Un-locking a Korean Chest at Lotherton Hall

Last week we investigated the interior of the largest and most beautiful Korean chest or cabinet at Lotherton Hall. The Gascoigne family collected four of these, and we know from the furniture catalogue by Christopher Gilbert, published in 1978, that the insides have been viewed before.
We located some keys, and one let us unlock the outer doors, to see the 10 drawers inside.

 All four cabinets are from the late Joseon dynasty (1392-1897), and date from around 1800-1830. Their fairly simple decoration indicates that they are men’s chests rather than women’s chests (see the elaborate decoration on the women’s chest in the Philadelphia Museum for comparison).

The cabinet, of upright rectangular design, is attached to a low stand with shaped rails and bracket feet; and has flush-panel double doors. The door junction is masked by strip of bass finely engraved with pots of flowers while the circular elaborately lobed escutcheon, decorated with flowering trees and birds, bears six medallions featuring the six syllabled Sanskrit mantra ‘Oṃ maṇi padme hūṃ’, well known from Buddhist scriptures.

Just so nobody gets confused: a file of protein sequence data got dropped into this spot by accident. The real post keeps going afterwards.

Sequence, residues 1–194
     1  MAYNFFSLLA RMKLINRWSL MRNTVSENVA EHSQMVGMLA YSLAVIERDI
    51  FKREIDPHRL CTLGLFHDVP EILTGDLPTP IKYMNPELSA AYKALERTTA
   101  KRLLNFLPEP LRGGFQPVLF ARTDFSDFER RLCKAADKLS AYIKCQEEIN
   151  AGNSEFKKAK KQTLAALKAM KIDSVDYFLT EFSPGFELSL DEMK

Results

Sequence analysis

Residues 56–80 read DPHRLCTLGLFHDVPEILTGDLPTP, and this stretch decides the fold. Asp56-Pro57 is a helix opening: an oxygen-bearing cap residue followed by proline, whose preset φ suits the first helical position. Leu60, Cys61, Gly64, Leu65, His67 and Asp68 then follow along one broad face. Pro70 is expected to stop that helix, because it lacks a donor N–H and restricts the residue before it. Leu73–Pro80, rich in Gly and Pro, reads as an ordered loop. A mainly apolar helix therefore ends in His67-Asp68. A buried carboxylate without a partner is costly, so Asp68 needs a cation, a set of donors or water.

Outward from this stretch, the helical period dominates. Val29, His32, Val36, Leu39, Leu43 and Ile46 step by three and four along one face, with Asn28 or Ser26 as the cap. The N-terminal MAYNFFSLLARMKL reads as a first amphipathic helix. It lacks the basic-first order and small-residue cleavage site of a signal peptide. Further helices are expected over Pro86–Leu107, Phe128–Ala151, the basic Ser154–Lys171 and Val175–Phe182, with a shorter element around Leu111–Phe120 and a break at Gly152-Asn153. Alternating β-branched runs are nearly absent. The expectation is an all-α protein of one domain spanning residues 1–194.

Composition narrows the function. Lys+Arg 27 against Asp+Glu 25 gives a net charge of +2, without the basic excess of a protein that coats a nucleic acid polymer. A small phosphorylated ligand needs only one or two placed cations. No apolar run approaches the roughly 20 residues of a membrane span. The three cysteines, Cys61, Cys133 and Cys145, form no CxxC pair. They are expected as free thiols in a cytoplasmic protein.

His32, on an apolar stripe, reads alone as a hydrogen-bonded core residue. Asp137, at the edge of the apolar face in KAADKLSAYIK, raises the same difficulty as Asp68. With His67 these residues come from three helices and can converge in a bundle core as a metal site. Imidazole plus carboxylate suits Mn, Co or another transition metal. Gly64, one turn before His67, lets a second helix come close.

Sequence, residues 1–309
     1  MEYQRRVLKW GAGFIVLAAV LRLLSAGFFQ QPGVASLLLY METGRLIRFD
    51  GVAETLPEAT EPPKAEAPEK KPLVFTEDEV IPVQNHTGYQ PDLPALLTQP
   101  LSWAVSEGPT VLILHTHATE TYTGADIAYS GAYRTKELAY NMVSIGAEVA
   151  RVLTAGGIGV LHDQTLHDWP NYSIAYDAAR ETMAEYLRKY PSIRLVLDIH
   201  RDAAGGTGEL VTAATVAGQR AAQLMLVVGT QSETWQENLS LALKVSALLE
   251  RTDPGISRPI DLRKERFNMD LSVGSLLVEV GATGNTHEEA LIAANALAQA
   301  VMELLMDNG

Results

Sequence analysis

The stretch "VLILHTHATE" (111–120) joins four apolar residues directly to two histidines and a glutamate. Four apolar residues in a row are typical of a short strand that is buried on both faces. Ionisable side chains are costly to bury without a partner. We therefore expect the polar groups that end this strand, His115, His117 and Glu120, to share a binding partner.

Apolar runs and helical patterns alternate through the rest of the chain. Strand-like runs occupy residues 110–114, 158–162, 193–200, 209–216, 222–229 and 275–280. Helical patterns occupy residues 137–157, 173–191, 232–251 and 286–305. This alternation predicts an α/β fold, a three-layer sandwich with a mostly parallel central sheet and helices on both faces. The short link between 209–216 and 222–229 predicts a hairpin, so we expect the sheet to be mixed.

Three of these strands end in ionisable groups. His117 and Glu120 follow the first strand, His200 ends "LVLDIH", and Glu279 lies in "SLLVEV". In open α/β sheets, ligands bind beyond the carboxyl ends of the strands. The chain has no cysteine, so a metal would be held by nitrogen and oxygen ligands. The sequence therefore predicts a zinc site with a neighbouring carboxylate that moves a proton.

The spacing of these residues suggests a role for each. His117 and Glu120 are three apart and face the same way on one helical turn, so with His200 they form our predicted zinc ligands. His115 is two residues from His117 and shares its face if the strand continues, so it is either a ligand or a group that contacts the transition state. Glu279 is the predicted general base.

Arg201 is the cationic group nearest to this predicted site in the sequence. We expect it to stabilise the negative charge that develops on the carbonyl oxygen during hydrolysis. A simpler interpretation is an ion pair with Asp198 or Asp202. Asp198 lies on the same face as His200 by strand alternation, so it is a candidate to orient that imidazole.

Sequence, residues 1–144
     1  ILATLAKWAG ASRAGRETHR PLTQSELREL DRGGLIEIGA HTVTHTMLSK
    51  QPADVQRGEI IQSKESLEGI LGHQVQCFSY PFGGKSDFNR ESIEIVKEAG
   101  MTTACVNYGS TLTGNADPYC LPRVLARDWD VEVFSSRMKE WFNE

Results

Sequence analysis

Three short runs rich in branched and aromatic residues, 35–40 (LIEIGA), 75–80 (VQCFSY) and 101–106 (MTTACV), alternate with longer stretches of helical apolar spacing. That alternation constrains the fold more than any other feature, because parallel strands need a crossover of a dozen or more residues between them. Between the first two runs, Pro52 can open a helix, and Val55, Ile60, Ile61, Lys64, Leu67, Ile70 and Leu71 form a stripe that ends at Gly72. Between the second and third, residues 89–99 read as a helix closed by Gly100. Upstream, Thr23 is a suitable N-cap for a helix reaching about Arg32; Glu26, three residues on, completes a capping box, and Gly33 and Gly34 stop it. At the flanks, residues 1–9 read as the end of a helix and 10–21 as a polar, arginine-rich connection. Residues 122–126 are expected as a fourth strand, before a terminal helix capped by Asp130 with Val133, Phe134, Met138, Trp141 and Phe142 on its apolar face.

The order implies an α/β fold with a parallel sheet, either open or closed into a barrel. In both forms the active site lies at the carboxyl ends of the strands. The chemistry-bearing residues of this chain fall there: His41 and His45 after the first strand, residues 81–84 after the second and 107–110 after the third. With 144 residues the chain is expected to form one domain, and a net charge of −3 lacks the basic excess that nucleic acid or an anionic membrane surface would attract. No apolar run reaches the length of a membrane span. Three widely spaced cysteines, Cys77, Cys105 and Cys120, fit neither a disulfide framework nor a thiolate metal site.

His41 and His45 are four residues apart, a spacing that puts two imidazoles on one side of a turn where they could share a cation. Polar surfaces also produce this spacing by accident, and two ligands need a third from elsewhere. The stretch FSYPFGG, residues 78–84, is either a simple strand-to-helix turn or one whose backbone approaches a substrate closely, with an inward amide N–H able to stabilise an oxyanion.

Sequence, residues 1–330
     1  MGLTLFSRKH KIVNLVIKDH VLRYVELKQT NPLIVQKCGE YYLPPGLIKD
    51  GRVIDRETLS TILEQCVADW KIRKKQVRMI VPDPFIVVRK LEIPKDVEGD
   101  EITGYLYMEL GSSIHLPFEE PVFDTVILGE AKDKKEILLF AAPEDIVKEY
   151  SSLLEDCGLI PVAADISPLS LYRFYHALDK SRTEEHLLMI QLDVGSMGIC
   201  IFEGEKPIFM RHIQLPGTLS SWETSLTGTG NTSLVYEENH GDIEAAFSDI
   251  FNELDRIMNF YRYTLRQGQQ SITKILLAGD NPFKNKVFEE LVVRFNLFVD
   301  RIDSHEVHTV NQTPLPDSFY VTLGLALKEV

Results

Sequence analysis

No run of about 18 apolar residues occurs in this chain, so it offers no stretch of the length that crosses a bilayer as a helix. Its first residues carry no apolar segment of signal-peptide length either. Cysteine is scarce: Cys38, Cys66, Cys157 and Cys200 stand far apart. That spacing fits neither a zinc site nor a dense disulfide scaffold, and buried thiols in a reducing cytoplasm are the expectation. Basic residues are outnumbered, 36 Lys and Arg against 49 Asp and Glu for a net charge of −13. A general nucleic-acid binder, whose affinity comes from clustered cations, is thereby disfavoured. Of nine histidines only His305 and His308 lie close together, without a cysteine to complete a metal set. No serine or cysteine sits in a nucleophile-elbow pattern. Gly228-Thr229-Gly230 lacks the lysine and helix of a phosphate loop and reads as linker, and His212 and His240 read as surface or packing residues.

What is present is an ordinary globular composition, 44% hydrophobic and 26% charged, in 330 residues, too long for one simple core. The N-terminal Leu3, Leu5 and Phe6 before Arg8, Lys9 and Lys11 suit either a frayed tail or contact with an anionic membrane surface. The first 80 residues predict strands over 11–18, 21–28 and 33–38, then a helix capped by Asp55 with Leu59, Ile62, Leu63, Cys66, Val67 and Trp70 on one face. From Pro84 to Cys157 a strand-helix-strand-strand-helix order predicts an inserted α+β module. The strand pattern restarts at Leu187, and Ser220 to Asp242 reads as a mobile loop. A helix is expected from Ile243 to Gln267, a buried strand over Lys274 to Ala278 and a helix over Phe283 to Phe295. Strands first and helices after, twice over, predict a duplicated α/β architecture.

Because Confucianism was dominant in the Joseon Dynasty and it provided a unifying perspective for artistic styles, this Buddhist inscription is unusual. It may well mean that this particular cabinet was used by monks in one of the Buddhist temples. The outer door handles are backed by profiles of flying bats, symbols of good fortune, and the design detail also includes fishes (a symbol of wealth).
Normally these chests were made for the men’s study room (Sarangbang). In Korea the use of these treasure or seal chests was adopted from Japan, from where the name was also taken, Japanese Kap-kae-susuri became Korean Kap-kae-suri. In Korea the woods most commonly used are pine or paulownia. 
Korean traditional furniture was designed to be suitable for the lifestyle of sitting on the floor. This floor was warmed by under-floor heating, taking the heat from the slightly lower kitchen area and dispersing it around the house. Korean traditional houses, han-ok, had relatively low ceilings and small living spaces. Low furniture helped to give the interior more of a feeling of space, and also fitted with fashionable aspirations for a minimalist well-ordered look.

Find out more about Korean furniture:
  • Traditional Korean Furniture by Man Sill Pai and Edward Reynolds Wright, published in 1984. Wright’s collection is now in the Wiseman Art Museum in Minneapolis. 
  • Korean Antique Furniture & Accessories by Mathieu Deprez ,  published 2014.
  • Kofum.com gives a good overall impression of traditional Korean architecture and interiors.

By Myunghae Seo, Voices of Asia Intern

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